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PCC/BYHS students learn about regenerative medicine

Published Monday, December 9, 2013
by Elizabeth Townsend

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A group of Piedmont Community College (PCC) students learned about the science behind regenerative medicine during a recent visit to the Wake Forest Institute for Regenerative Medicine in Winston-Salem. The group included Bartlett Yancey High School students enrolled in PCC’s Medical Assisting I as well as those enrolled in Career and College Promise classes.

Dr. Ben Harrison, a chemist at the institute, provided a presentation explaining regenerative medicine, and the students toured the laboratory where organs and tissues are being grown. “I thought listening to the chemist talk about his research and the trials and experimentation was the most interesting part of the field trip,” said Taylor Cassady, a Medical Assisting I student.

On their tour, the students saw molds created for organs and tissues and learned that the molds are coated with stem cells. Students, including Keyauna Woods, liked being able to see and touch ear and nose molds. “Something interesting on the trip was the little models they were making to build the new organs. It was really cool, like seeing the ear,” she said.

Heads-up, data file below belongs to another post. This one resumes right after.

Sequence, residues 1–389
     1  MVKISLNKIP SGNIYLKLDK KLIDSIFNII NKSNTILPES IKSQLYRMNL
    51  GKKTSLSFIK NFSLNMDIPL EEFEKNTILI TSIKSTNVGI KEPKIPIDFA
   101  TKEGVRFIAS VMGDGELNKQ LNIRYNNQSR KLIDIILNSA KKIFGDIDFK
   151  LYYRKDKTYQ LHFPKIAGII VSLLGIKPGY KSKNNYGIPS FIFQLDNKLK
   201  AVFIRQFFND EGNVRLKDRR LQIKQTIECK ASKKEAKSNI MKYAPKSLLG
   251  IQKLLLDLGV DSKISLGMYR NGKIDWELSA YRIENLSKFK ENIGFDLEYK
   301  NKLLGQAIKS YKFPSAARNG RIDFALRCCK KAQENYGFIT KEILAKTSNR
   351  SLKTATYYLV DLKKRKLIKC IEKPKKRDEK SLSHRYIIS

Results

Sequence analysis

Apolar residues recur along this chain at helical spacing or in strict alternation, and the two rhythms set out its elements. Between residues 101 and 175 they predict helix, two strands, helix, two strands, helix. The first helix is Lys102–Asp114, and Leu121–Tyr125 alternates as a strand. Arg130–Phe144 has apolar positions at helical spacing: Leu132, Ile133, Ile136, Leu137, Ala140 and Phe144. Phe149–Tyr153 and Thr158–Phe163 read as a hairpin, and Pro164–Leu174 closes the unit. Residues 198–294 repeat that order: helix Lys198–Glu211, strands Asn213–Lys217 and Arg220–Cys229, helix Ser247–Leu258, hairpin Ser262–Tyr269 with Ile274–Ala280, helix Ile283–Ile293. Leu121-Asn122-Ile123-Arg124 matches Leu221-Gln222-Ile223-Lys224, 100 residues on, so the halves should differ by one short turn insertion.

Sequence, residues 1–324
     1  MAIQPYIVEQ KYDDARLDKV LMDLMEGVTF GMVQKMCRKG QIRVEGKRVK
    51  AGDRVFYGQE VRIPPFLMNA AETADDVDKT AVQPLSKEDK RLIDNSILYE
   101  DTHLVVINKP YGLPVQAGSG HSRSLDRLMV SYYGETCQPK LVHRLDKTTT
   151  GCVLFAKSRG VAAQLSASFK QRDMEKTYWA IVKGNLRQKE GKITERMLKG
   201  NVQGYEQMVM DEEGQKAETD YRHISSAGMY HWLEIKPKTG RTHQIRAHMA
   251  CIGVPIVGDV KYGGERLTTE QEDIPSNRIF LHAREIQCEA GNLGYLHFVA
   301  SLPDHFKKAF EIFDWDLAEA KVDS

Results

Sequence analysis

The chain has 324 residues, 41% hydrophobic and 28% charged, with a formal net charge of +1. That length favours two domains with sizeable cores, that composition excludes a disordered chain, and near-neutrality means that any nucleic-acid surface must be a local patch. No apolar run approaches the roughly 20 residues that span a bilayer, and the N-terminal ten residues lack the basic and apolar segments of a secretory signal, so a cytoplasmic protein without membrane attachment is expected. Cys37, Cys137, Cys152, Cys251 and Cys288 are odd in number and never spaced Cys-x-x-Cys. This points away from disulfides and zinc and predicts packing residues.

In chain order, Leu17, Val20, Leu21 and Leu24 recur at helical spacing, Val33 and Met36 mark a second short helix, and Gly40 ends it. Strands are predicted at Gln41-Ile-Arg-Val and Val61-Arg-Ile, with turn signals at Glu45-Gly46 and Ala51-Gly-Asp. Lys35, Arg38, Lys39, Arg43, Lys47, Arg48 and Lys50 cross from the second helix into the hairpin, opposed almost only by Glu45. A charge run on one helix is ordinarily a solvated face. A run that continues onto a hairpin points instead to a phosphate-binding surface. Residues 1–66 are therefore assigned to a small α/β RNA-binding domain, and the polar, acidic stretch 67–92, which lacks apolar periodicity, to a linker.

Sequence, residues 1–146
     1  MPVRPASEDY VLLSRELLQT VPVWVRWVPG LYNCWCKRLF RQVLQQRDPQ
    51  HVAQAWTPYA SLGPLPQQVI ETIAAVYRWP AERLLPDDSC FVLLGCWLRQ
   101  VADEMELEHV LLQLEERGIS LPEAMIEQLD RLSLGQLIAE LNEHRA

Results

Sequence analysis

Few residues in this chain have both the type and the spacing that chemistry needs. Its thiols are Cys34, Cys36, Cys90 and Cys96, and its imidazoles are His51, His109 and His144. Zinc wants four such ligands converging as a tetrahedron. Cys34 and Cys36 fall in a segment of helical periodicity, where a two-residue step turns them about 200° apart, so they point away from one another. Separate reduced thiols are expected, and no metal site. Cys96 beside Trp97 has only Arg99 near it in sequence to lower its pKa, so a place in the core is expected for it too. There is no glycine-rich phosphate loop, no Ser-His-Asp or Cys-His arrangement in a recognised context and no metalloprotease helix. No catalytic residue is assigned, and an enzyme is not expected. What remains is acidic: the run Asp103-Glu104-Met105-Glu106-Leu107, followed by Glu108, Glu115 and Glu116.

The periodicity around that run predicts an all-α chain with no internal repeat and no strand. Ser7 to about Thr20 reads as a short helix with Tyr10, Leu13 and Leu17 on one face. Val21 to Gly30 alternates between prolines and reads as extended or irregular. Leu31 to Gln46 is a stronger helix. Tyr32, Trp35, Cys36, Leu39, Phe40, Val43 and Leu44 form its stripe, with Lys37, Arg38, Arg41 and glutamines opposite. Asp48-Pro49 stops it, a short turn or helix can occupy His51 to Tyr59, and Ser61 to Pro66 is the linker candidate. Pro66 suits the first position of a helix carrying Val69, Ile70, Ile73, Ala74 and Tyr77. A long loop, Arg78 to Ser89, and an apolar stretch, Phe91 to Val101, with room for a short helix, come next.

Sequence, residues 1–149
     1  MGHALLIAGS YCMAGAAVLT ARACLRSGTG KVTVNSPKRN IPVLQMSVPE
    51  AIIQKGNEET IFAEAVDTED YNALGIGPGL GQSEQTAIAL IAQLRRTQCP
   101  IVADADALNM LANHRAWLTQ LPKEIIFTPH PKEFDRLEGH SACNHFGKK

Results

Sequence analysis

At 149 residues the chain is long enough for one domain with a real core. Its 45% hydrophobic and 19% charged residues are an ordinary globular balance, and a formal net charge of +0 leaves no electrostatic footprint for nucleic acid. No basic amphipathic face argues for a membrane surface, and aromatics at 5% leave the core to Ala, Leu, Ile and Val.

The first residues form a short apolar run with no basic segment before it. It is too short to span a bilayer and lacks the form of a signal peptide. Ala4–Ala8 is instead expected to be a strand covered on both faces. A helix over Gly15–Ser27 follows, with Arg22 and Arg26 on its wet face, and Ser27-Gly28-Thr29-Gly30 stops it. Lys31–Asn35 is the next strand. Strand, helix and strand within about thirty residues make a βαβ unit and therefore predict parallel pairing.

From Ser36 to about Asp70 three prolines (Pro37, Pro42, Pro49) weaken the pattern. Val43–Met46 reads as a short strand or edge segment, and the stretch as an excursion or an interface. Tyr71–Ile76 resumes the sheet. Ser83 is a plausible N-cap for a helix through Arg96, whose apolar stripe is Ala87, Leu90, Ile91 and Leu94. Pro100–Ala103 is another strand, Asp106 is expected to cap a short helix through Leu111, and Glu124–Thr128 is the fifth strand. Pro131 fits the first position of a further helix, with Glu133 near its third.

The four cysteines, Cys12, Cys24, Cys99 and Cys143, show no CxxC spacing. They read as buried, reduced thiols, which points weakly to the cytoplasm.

BYHS students are allowed to take some college-level courses at PCC through the Career and College Promise program. For more information, BYHS students or their parents should contact their high school guidance counselors or Katrina Madden, coordinator of BYHS programs, at (336) 694-8044.

The Wake Forest Institute for Regenerative Medicine is working to grow tissues and organs and develop healing cell therapies for more than 30 different areas of the body, from bladder and trachea to cartilage and heart. They are international leaders in translating scientific discovery into clinical therapies. Their scientists have been the first in the world to reach a number of research successes, including the implantation of a laboratory-grown organ into humans.

Photo info:
BYHS students attending PCC’s Nursing Assistant I and Career and College Promise classes visited the Wake Forest Institute for Regenerative Medicine in Winston-Salem.